As expected, the drive was conducted in a convoy grouping of five media cars, a lead/pace car and a sweeper car. The main difference in the Sepang drive with the one we participated in Seoul was that we had to follow the given car order for all of the six to seven laps in each round. We found the BMW M drive format in South Korea more practical as we could each take turns to follow the pace car, which was driven at a fast pace so that we could explore the M2 to the fullest in dynamic performance using the various drive modes available.

For the Sepang drive, we had to activate DSC to make it safer for the media in general and which allowed us only one aspect of the M2’s performance range. In addition, the drive was limited to the performance limits of the media in the car ahead of us although we did try to slow down a little on the straights to give us a bit more space to check out the M2 Competition’s dynamic prowess through some of  the corners.

As it were, we could brake later into the corner and not at the suggested braking point marked by cones (set by the organisers) as the car in front was braking sooner. We like to carry more speed into the corner to check out the car’s limits and adjust our drive accordingly, which we could only do a little of this time.

We did feel the DSC coming into play when we had the opportunity to charge into one or two tight corners quicker than usual, leading to a wider line through the corner as the M2 Competition went into an understeer. The DSC cut off the fuel flow to reduce road speed and applied the brakes on one side at the rear to restore dynamic balance and vehicle direction.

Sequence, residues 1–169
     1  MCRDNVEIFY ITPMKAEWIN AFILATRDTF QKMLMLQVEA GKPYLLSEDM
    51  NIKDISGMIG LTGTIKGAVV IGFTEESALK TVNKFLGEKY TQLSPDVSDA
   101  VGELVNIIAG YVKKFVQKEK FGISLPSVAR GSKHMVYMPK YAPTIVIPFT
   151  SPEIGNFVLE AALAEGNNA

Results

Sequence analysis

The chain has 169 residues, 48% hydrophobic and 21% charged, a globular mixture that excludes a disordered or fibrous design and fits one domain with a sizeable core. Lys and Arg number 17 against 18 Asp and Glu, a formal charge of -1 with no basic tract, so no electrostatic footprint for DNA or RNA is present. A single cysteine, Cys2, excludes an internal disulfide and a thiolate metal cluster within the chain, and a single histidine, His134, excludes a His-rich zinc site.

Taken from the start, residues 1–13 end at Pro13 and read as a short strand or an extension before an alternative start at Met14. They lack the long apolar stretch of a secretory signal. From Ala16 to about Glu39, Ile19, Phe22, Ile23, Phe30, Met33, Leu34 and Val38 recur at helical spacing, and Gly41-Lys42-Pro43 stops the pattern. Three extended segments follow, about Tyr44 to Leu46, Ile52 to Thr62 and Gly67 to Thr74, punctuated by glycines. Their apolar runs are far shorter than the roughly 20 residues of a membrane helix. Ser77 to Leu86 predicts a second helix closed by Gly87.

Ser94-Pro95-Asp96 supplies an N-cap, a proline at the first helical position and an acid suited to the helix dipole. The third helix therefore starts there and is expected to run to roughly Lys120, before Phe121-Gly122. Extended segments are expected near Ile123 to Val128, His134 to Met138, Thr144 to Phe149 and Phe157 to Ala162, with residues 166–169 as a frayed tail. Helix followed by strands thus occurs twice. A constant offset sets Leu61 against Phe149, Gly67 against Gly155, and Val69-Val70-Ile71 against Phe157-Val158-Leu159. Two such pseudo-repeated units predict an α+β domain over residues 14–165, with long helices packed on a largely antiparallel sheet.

We also felt the DSC intervening during an oversteer when our media co-driver took over the drive in the second round and turned the steering wheel a bit too exuberantly trying to correct the car’s stability. This time the DSC applied the brakes to one side of the front to restore composure before resuming fuel flow for the drive to continue.

While the M Compound brakes worked fine when we hit the brakes hard for the tight corners, we could feel the brake pedal getting a bit spongy by the third lap. Nevertheless, the braking action remained strong and progressive as long as we hit the brake pedal hard to reduce road speed to take the corner comfortably.

An idea of the M2 Competition’s acceleration was clearly demonstrated as we could just about keep up with the faster M5 as it picked up speed quickly on the straights. On the main straight (where the start-finish point is), we could just hit 210km/h before hitting the brakes hard for the tight double corners that followed.

The M2 Competition had stiff anti-roll bars that limit body movements through the corners and we hardly felt the body lean greater than necessary. It was fantastic driving the car through the fast corners as it felt solidly planted while our problem corners – the first set of double corners and the sharp turn nine that leads up the rise – could be taken at a reasonably fast gallop.

It could have been a more involved drive if we were allowed to use Drivelogic for the respective lap to check out the M2 Competition’s dynamic range. But based on our Korean M Drive experience, we believe the latest M2 would live up to expectations easily in a thrilling and exciting drive for most, even the hard-core drivers. This is a true-blue BMW M car worth its salt as an outright performance sportster.

Specifications here.